So I like to say “The abortion debate is over,” meaning that folks aren’t listening any more. The “fight” isn’t over, from the point of view of either side, but the debate is over because we’ve run out of interested listeners. The auditorium is empty and the lights have been turned off.

I think in a way this is a good thing. That there is a lot of ambivalence about abortion out there, as well as much submerged post-abortion grief. This needs a “moment of silence” to be able to rise to consciousness, so people can admit and recognize these conflicted feelings, and move to a new stage. As long as the debate is hot, people immediately think in terms of “which side are you on,” and these deeper questions — about what abortion really is, about how it makes us feel, how it affects our relationships and our sense of ourselves—keep getting stuffed down.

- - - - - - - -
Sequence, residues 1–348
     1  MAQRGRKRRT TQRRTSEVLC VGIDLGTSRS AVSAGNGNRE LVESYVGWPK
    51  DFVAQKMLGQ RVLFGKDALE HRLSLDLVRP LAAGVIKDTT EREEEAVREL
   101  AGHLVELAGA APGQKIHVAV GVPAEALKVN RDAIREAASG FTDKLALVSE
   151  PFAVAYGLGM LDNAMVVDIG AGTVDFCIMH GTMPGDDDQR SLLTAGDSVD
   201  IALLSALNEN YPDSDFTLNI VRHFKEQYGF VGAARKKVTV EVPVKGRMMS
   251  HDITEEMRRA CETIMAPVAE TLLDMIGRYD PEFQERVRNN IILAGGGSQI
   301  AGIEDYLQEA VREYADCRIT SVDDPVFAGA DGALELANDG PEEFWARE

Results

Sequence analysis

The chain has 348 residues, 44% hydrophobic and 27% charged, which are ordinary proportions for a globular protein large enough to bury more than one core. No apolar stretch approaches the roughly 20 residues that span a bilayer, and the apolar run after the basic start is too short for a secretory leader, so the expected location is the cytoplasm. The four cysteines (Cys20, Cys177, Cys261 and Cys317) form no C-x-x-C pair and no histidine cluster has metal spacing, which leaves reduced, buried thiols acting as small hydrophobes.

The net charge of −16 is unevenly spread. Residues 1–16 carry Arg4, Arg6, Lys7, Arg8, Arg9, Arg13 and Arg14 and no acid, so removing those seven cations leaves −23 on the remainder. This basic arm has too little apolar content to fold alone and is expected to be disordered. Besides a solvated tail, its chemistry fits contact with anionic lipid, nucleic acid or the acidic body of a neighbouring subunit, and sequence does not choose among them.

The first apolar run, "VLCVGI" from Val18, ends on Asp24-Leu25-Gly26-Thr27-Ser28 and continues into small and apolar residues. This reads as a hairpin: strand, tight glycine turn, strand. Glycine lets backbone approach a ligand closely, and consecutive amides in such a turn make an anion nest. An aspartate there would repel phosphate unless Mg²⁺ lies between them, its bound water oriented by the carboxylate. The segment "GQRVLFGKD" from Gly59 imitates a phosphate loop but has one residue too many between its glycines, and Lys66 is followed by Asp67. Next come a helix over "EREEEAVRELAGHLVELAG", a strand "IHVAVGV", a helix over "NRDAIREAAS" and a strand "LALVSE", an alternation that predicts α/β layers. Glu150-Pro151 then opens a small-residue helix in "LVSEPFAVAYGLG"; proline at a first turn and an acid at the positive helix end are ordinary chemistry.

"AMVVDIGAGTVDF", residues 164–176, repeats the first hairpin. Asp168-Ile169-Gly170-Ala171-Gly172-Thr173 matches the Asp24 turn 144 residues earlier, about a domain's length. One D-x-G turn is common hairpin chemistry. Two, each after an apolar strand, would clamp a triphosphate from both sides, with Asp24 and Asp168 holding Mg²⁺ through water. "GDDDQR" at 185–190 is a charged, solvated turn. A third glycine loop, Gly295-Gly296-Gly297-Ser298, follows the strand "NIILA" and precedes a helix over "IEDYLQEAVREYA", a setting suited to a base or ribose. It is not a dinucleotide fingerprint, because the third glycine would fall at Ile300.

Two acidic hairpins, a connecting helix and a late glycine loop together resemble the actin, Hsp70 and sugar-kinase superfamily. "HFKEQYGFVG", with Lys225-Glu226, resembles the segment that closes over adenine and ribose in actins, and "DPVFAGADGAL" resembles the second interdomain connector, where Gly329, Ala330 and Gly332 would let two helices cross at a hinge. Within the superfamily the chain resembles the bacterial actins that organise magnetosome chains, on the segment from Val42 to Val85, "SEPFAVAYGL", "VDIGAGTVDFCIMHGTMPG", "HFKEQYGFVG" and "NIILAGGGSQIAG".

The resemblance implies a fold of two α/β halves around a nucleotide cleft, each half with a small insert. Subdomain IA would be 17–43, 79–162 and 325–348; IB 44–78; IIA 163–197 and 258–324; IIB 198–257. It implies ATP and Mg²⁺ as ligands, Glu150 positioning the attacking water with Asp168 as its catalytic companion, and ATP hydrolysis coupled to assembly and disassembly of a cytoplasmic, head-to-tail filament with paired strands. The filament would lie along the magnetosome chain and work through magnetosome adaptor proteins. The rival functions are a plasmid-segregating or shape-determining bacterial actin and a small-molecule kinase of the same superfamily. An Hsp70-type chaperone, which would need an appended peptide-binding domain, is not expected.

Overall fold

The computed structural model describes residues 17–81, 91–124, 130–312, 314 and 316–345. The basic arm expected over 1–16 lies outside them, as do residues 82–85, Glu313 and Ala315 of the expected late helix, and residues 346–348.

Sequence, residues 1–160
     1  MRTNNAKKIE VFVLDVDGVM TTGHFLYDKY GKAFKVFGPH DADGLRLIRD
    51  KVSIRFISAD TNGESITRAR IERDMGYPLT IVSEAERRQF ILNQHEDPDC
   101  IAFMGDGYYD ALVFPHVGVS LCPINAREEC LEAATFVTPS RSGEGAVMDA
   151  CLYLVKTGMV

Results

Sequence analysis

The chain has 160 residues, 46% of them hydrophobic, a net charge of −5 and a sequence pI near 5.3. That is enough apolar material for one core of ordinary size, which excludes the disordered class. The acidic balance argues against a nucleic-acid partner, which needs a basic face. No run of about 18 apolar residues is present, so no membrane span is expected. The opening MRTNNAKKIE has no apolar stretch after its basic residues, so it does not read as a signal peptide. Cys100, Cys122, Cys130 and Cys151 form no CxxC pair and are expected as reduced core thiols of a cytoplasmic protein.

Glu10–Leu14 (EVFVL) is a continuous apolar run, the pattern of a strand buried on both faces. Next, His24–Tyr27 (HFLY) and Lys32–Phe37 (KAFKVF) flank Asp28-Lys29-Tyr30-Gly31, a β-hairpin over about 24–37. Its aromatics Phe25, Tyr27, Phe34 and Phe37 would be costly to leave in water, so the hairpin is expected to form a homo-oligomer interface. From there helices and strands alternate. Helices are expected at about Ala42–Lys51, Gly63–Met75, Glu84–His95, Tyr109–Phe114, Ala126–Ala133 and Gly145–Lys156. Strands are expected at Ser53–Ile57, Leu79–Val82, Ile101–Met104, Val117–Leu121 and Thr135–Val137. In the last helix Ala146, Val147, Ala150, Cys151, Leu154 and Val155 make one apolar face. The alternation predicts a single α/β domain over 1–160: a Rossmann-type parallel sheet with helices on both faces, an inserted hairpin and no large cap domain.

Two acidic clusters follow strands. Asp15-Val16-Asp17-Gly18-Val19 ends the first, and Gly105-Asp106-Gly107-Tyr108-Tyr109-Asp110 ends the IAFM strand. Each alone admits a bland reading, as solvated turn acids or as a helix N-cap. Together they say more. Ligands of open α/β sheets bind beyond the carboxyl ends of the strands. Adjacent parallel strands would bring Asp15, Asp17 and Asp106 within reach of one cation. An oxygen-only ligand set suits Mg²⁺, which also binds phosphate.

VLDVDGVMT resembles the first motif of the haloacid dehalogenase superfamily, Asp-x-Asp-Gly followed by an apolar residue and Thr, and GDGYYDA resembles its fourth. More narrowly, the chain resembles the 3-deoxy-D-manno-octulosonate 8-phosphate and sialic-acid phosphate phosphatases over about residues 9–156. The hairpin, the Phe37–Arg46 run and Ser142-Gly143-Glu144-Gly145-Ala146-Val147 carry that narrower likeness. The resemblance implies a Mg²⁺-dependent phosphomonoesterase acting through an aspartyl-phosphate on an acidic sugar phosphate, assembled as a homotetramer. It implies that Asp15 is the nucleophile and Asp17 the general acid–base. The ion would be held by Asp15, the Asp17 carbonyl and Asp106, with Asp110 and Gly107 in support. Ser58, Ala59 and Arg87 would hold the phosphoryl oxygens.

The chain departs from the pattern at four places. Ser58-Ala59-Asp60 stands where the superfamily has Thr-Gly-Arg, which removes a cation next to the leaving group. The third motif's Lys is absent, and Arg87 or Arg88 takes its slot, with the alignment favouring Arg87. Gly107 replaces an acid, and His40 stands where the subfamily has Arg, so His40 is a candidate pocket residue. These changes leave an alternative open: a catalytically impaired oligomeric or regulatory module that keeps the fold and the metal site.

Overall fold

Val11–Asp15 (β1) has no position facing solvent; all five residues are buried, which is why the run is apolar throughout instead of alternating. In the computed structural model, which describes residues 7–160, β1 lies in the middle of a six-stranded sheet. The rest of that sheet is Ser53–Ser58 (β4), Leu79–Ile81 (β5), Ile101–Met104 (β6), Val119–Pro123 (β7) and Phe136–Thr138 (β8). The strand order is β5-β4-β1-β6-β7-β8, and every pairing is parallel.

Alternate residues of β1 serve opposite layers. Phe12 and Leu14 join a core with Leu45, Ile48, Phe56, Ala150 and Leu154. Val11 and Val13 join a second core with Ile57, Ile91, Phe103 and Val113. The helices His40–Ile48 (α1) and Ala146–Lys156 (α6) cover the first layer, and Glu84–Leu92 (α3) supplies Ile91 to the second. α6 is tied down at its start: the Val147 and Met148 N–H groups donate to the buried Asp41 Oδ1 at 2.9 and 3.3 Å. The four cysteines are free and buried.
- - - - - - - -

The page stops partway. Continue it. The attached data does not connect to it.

One of the women I interviewed in my book “Real Choices” told me that after the abortion she felt she couldn’t tell anyone about her sad feelings. She said that if she told pro-life friends she was depressed about her abortion, they would reject her, saying, “You had an abortion? You’re a murderer!” And she couldn’t tell her pro-choice friends because they would say, “What are you complaining about? You had a choice. Are you a traitor to the cause?” It seemed like there was nowhere to go. As the heat cools off, voices like hers can be heard.

I think that as these conflicted feelings rise to the surface we’ll be better able to understand what abortion does to a society, and admit how many of them are negative. That abortion adapts women to a hostile situation, rather than challenging and changing that society — adapts her physically, like a whalebone corset does.